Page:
山の音 Yama no Oto (Sound of the Mountain, 1954)

Mikio Naruse made three films in the year before this one, and I’m willing to bet at least one of those is equally brilliant, because he was very much on form this decade. A lot of his work was adapted from the writing of Fumiko Hayashi, but she is not the source for this one but rather the Nobel Prize-winning novelist Yasunari Kawabata, though it uses a lot of the same key cast as Naruse’s earlier film.


This is some film, one of Mikio Naruse’s finest, and I don’t want to attribute all of its success to one person, because it’s made with such sensitivity by everyone involved, but Setsuko Hara must be considered pretty central to that. Partly it’s the role she’s playing, a wife shunned by her husband (who is having an affair with a younger woman), but Hara is expert at making it not just a tragic account of this woman, but a far more rounded and nuanced portrait of familial relationships, in which Hara’s character is not to be pitied, but instead a really developed character whose motivations and actions cut against the expectations of her society and her family. I just find her every expression to be that little bit heartbreaking (not unlike in Tokyo Story, where she proved that sometimes smiling cheerfully is the saddest emotion of all). The film itself is framed by her father-in-law (So Yamamura), who is disappointed in his son (Ken Uehara) and just trying to understand Hara’s situation and consider what is best for her, which is why his reaction to news of her abortion is both so deeply felt and also so unusual in a film of this era. Surely a masterpiece of Japanese cinema, and I still have so many Naruse films yet to watch.

Sound of the Mountain film posterCREDITS
Director Mikio Naruse 成瀬巳喜男; Writer Yoko Mizuki 水木洋子 (baed on the novel by Yasunari Kawabata 川端康成); Cinematographer Masao Tamai 玉井正夫; Starring Setsuko Hara 原節子, Ken Uehara 上原謙, So Yamamura 山村聰, Yoko Sugi 杉葉子; Length 96 minutes.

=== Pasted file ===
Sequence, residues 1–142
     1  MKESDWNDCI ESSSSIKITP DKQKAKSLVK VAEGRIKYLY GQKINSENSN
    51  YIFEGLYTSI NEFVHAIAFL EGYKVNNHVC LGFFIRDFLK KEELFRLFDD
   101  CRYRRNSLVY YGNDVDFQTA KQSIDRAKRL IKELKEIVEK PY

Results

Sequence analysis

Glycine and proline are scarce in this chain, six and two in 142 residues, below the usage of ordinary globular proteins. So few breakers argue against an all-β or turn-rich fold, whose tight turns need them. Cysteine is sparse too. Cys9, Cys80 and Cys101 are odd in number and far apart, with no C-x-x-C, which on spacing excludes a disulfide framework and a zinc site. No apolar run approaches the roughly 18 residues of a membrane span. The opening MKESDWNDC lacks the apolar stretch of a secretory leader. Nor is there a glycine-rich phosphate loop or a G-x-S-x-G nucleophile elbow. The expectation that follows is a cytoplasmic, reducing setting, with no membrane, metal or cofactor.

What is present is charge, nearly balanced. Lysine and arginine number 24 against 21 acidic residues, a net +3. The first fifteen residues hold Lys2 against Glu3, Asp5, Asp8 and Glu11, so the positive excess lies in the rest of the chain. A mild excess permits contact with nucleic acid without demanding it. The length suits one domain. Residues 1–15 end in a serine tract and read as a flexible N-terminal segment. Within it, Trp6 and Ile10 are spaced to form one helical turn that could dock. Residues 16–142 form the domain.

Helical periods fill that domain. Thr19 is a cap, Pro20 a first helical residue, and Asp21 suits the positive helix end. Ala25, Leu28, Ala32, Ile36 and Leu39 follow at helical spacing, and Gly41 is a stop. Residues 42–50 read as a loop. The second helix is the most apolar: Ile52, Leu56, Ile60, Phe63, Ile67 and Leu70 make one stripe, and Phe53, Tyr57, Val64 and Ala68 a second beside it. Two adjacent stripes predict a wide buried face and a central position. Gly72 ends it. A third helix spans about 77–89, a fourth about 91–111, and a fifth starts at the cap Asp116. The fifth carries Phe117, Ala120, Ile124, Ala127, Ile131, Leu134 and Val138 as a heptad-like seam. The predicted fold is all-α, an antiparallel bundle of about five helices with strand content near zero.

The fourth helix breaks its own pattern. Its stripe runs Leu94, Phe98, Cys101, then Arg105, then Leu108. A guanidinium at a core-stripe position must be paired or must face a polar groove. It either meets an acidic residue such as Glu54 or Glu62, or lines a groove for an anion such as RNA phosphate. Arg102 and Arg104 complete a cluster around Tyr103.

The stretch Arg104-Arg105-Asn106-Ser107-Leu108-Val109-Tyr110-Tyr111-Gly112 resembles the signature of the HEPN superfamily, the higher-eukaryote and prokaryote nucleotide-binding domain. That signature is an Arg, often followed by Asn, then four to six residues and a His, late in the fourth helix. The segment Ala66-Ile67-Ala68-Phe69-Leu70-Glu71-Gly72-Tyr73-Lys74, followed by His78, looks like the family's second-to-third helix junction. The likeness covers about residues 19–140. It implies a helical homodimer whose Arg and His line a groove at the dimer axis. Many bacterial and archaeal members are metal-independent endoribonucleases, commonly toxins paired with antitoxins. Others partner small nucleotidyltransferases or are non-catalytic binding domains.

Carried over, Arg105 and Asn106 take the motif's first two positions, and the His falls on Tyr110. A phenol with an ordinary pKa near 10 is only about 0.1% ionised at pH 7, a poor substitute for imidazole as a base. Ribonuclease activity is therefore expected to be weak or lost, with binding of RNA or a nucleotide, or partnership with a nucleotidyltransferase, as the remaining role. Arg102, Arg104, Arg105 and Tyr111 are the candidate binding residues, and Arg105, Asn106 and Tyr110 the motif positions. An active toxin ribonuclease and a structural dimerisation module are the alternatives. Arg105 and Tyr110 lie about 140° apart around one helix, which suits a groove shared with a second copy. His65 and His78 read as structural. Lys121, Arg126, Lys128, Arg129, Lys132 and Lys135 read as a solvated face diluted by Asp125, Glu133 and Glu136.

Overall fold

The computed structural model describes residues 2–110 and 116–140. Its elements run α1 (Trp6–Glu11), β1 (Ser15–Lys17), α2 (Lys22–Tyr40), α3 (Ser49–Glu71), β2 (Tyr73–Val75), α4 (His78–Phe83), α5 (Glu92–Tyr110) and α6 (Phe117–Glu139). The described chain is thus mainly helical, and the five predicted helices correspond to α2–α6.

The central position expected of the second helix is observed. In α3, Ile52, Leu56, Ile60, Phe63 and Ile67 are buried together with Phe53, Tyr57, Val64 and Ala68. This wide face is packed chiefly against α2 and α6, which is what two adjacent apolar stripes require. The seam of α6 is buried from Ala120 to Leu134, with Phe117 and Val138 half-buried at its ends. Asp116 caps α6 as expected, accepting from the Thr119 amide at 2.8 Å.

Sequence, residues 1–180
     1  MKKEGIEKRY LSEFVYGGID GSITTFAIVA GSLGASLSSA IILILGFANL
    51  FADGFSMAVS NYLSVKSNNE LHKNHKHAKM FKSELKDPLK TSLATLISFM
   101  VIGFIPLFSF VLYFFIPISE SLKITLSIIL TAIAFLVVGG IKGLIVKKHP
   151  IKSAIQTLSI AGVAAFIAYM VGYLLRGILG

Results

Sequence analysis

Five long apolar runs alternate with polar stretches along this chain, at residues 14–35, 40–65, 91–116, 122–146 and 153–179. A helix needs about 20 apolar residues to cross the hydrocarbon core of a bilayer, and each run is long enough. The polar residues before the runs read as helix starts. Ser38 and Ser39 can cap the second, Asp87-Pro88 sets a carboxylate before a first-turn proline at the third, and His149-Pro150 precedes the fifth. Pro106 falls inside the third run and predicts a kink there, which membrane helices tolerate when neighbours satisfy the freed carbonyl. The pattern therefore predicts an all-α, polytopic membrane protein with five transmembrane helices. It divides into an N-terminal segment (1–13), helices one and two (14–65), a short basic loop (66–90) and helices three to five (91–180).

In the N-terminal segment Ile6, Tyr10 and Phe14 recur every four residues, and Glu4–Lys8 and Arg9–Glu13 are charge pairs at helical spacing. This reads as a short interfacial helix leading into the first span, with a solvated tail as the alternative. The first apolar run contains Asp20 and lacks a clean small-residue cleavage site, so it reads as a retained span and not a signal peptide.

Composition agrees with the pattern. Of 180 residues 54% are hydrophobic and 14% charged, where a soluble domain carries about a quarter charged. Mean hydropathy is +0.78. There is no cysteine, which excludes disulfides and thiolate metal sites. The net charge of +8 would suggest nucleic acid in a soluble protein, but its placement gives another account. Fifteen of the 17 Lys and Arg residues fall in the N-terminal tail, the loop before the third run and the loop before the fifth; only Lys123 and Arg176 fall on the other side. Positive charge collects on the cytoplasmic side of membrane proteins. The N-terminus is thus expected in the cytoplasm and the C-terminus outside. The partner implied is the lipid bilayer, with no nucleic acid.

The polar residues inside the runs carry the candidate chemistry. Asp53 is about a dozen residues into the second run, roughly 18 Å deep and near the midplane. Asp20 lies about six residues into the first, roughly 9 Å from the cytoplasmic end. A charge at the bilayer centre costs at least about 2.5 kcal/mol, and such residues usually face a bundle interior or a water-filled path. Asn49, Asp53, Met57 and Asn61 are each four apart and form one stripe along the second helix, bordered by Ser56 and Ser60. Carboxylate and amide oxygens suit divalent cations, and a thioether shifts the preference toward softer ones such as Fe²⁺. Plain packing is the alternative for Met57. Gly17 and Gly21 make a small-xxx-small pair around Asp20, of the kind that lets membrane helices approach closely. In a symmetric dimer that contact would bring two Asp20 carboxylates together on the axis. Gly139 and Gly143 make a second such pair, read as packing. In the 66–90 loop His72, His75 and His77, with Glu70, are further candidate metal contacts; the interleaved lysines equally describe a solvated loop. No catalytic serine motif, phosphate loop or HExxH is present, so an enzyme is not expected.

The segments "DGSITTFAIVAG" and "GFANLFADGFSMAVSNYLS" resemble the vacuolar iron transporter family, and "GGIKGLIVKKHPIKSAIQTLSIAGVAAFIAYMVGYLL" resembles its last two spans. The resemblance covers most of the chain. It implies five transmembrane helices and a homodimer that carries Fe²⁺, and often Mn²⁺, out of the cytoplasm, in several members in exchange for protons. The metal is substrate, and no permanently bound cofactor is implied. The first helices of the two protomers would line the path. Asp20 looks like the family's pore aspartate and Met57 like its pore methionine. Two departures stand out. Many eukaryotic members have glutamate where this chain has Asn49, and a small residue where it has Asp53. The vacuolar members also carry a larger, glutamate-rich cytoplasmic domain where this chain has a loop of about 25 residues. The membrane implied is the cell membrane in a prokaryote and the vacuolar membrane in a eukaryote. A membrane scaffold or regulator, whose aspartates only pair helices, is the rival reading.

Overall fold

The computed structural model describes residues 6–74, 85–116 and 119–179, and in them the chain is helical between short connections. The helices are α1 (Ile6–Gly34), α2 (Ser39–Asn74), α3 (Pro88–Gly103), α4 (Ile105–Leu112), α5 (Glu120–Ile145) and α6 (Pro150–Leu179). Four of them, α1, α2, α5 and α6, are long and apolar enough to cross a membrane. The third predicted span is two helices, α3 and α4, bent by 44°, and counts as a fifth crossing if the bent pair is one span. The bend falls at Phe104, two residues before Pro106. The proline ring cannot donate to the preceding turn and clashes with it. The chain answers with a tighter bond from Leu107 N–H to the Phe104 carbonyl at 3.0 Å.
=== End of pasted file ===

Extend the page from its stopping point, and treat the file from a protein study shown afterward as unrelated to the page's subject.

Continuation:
Seen at home (DVD), London, Sunday 13 January 2019.

めし Meshi (Repast, 1951)

Continuing the Naruse theme, I’m now starting in on his 1950s masterpieces. All of these major films from the 1950s are easily available on DVD through the Masters of Cinema label in the UK, while many of his minor works can be viewed on YouTube (many with English subtitles).


This is, as one might expect from Naruse, a beautifully modulated film about Michiyo, a woman unhappy in her marriage. Setsuko Hara (surely familiar to even the most idle viewers of Japanese cinema from Ozu films like Tokyo Story and Early Summer) plays Michiyo, and Hara remains so very brilliant at conveying her dissatisfaction even as she’s smiling and reassuring people. Such indeed is the weight of societal expectation that there’s no meaningful way for her to confront the misery of her household chores and the disinterest of her husband (Ken Uehara), who only becomes animated when his young female cousin comes to visit spontaneously. My favourite moment is when Michiyo is asked “so what do you talk about with her husband?”, and she pauses, looks away and replies “I have a cat.” (It’s a very cute cat.)

Japanese films confronting domestic politics aren’t a million miles away from those of other traditional cultures (old British films like Brief Encounter seem to operate on a similar subterranean level, as everyone observes the correct etiquette and minuscule breaches are punished), so here too elaborate codes of conduct loom just beneath the surface of everyone’s actions, and it’s a great testament to the filmmaking skill that it’s all so very evident without being showy and didactic. Within this context (and I am treading carefully in how I phrase this), I was initially disappointed with the ending, but in retrospect it feels like a bitterly sardonic riposte to everything that has gone before, like the way Hollywood tacked on demonstrably phony ‘happy endings’ to films that really weren’t heading that direction. This is a brilliant and watchable — and, at times, even light-hearted — film about profound unhappiness.

Repast film posterCREDITS
Director Mikio Naruse 成瀬巳喜男; Writers Yasunari Kawabata 川端康成, Toshiro Ide 井手俊郎 and Sumie Tanaka 田中澄江 (based on the novel by Fumiko Hayashi 林芙美子); Cinematographer Masao Tamai 玉井正夫; Starring Setsuko Hara 原節子, Ken Uehara 上原謙, Yukiko Shimazaki 島崎雪子; Length 97 minutes.
Seen at home (DVD), London, Thursday 26 April 2018.